You can find the reserchers’ article in the Royal Society’s Analyst journal,
In general, one thinks of surveillance as an activity undertaken by the military or the police or some other arm of the state (a spy agency of some kind). The Nano Hummingbird, a drone from AeroVironment designed for the US Pentagon, would fit into any or all of those categories.
The inset screen shows you what is being seen via the hummingbird’s camera, while the larger screen image allows you to observe the Nano Hummingbird in action. I don’t know why they’ve used the word nano as part of the product unless it is for marketing purposes. The company’s description of the product is at a fairly high level and makes no mention of the technology, nano or otherwise, that makes the hummingbird drone’s capabilities possible (from the company’s Nano Hummingbird webpage),
AV [AeroVironment] is developing the Nano Air Vehicle (NAV) under a DARPA sponsored research contract to develop a new class of air vehicle systems capable of indoor and outdoor operation. Employing biological mimicry at an extremely small scale, this unconventional aircraft could someday provide new reconnaissance and surveillance capabilities in urban environments.
The Nano Hummingbird could be described as a traditional form surveillance as could the EyeSwipe iris scanners (mentioned in my Dec. 10, 2010 posting). The EyeSwipe allows the police, military, or other state agencies to track you with cameras that scan your retinas (they’ve had trials of this technology in Mexico).
A provocative piece by Nic Fleming for the journal, New Scientist, takes this a step further. Smartphone surveillance: The cop in your pocket can be found in the July 30, 2011 issue of New Scientist (preview here; the whole article is behind a paywall),
While many of us use smartphones to keep our social lives in order, they are also turning out to be valuable tools for gathering otherwise hard-to-get data. The latest smartphones bristle with sensors …
Apparently the police are wanting to crowdsource surveillance by having members of the public use their smartphones to track licence plate numbers, etc. and notify the authorities. Concerns about these activities are noted both in Fleming article and in the August 10, 2011 posting on the Foresight Institute blog,
“Christine Peterson, president of the Foresight Institute based in Palo Alto, California, warns that without safeguards, the data we gather about each other might one day be used to undermine rather than to protect our freedom. ‘We are moving to a new level of data collection that our society is not accustomed to,’ she says.”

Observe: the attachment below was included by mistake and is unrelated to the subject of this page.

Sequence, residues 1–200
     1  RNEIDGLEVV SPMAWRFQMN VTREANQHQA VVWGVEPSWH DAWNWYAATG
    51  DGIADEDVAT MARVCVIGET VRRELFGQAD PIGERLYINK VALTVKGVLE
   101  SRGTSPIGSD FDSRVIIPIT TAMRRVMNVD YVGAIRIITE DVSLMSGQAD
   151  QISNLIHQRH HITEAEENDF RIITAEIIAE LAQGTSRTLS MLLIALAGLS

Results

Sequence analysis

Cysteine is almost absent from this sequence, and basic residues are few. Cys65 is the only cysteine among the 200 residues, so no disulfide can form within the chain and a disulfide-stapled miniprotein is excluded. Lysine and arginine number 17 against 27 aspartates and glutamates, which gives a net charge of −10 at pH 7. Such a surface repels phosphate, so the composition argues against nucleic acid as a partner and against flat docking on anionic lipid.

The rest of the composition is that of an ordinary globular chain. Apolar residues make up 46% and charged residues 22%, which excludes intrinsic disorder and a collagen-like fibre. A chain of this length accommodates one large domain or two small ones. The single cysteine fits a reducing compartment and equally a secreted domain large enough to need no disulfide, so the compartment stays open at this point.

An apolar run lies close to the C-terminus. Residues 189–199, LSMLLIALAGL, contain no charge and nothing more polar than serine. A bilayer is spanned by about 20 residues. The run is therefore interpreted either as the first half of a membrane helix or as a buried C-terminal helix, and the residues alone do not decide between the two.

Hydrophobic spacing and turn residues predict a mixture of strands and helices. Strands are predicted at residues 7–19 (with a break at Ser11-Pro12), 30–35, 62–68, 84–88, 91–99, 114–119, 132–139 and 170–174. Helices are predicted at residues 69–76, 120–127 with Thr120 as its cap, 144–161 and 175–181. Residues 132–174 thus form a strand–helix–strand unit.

Peterson’s comments about data collection struck me most particularly as I’ve noticed over the last several months a number of applications designed to make life ‘easier’ that also feature data collection (i. e., collection of one’s personal data). For example, there’s Percolate. From the July 7, 2011 article by Austin Carr for Fast Company,
Percolate, currently in its “double secret alpha” version, is a blogging platform that provides curated content for you to write about. The service taps into your RSS and Twitter feeds, culls content based on your interests–the stuff that “percolates up”–and then offers you the ability to share your thoughts on the subject with friends. “We’re trying to make it easy for anyone to create content,” Brier says, “to take away from the frustration of staring at that blank box and trying to figure out what to say.”
It not only removes the frustration, it removes at least some of the impetus for creativity. The service is being framed as a convenience. Coincidentally, it makes much easier for marketers or any one or any agency to track your activities.
This data collection can get a little more intimate than just your Twitter and RSS feeds. Your underwear can monitor your bodily functions (from the June 11, 2010 news item on Nanowerk),
A team of U.S. scientists has designed some new men’s briefs that may be comfortable, durable and even stylish but, unlike most underpants, may be able to save lives.
Printed on the waistband and in constant contact with the skin is an electronic biosensor, designed to measure blood pressure, heart rate and other vital signs.
The technology, developed by nano-engineering professor Joseph Wang of University of California San Diego and his team, breaks new ground in the field of intelligent textiles and is part of shift in focus in healthcare from hospital-based treatment to home-based management.
The method is similar to conventional screen-printing although the ink contains carbon electrodes.
The project is being funded by the U.S. military with American troops likely to be the first recipients.
“This specific project involves monitoring the injury of soldiers during battlefield surgery and the goal is to develop minimally invasive sensors that can locate, in the field, and identify the type of injury,” Wang told Reuters Television.